Tuesday, March 17, 2009

High Class

I'm off to SAM tomorrow for what I am planning to be a fun, relaxing, conference.

Packing to commence now that I am back from the University Symphony Orchestra concert. Honestly, nothing really complements the springtime weather like the Ravel Piano Concerto in G.

I also wanted to take a moment to reflect on The Class, which I saw this recommend and cannot recommend highly enough. It's an enriching and insightful glimpse into a modern, urban French school (though the lessons are far and wide-ranging, even for the GSIs here in Michigan). The wonder of the film is in the details, the quiet moments of discovery and pleasure, the sincerity of the tensions that evolve organically from the characters and contexts, and the unforced performances that anchor every moment. I also love the way real world problems are neither denied, nor forced into any sort of pre-formed moral. The film, which tracks a year in a French class, is really about the politics of multiculturalism and the dynamics between teacher and students. But the answers are never fully resolved, the lessons are never beaten into your mind, and the happy endings are never smeared on with the sort of glee that some films (like recent Best Picture winners) resort too.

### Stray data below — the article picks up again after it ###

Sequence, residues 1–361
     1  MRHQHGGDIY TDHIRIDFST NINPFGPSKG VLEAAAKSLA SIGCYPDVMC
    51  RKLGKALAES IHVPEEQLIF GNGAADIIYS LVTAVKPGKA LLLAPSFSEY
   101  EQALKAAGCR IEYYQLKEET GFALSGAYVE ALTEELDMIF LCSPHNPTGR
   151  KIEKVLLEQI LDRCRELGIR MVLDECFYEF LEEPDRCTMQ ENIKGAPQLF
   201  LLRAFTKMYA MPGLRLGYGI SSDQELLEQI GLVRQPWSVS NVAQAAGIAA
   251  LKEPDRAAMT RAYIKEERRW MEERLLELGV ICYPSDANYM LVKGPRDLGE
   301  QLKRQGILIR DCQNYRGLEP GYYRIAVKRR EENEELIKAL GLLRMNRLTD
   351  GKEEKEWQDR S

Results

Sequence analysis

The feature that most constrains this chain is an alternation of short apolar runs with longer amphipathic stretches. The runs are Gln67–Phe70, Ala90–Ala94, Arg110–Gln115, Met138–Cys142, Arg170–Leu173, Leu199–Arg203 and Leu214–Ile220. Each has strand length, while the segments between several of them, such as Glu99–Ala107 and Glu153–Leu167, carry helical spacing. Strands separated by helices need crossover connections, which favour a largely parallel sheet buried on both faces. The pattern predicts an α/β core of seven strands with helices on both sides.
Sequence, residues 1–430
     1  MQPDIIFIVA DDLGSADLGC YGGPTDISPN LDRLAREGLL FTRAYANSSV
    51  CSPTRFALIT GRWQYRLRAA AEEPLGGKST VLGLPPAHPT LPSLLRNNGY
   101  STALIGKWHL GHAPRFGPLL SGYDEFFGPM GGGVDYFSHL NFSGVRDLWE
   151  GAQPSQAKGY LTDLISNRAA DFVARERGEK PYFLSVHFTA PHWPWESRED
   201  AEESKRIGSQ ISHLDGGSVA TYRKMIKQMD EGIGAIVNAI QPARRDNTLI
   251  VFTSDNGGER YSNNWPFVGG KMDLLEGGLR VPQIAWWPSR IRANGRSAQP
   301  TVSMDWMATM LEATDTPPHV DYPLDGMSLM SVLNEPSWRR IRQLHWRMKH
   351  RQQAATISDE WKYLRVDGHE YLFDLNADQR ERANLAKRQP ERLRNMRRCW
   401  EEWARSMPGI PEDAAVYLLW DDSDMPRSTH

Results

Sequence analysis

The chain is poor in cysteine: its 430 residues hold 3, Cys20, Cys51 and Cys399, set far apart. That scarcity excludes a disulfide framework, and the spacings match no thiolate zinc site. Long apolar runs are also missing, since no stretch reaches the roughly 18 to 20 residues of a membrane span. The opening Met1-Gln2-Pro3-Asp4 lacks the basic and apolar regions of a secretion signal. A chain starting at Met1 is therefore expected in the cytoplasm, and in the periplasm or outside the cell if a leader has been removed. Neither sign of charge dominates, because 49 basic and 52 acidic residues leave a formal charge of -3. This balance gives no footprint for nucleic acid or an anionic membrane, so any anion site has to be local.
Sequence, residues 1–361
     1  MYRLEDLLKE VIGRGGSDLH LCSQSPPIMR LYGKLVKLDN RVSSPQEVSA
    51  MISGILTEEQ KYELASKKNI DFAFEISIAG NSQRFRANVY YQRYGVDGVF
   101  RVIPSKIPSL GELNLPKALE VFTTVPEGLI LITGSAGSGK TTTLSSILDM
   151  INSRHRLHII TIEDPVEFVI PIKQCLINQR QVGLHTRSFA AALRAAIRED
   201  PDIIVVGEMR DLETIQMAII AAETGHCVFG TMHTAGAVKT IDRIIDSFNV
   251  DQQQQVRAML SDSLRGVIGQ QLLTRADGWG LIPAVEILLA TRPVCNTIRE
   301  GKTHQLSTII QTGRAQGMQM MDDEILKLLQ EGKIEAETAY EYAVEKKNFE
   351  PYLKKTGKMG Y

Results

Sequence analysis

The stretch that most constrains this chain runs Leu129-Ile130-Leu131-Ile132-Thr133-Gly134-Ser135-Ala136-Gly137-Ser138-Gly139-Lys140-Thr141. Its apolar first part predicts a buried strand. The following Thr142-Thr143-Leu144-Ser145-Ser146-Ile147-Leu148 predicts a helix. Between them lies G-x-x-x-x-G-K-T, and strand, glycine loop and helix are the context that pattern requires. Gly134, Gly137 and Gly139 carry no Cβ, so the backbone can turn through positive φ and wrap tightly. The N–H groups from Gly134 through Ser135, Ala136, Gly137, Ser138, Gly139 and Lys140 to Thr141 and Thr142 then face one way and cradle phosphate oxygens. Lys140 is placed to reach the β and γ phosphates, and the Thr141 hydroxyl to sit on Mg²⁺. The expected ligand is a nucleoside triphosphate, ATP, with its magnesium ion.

As I said, it's recommended across the board, but as a future academic, it's especially striking for me. While we all have particularly memorable teachers, and Hollywood occasionally sees fit for another entry in the inspirational teacher category, The Class offers something more. It recognizes the very real limitations of a teacher’s power. There are boundaries to a teacher’s authority. Sometimes we cross them when we shouldn’t, but even more enlightening are the moments where we do not. Often we get the teacher-as-hero motif, in which we can enact real-world change through our efforts. I think it’s true, and the film is a call of sorts to heed the problems that enter in from outside the classroom walls (it’s here the French title Entre les murs, or Between the Walls, seems especially pertinent, because it invites us to ask what the walls really contain). In this context, the successes of both teacher and student, modest as they may be, really shine. I love the way students grow apart and together over the year, participate and withdraw, succeed at a project unexpectedly, surprise us with knowledge, insight, and imagination, or with anger and conflict. It shows, I think, that the film is based on a real teacher’s experiences (and indeed stars the teacher himself, along with several non-actors), in part because it simply observes the problems, addresses them, but resists answering them. And it resonates, and even inspires- the teacher in the film challenges his students, engages them in some surprising dialogues, and comes to terms with politics, both local and global. This is intelligence brought to life the way I wish every class I’ve taken and taught could be.


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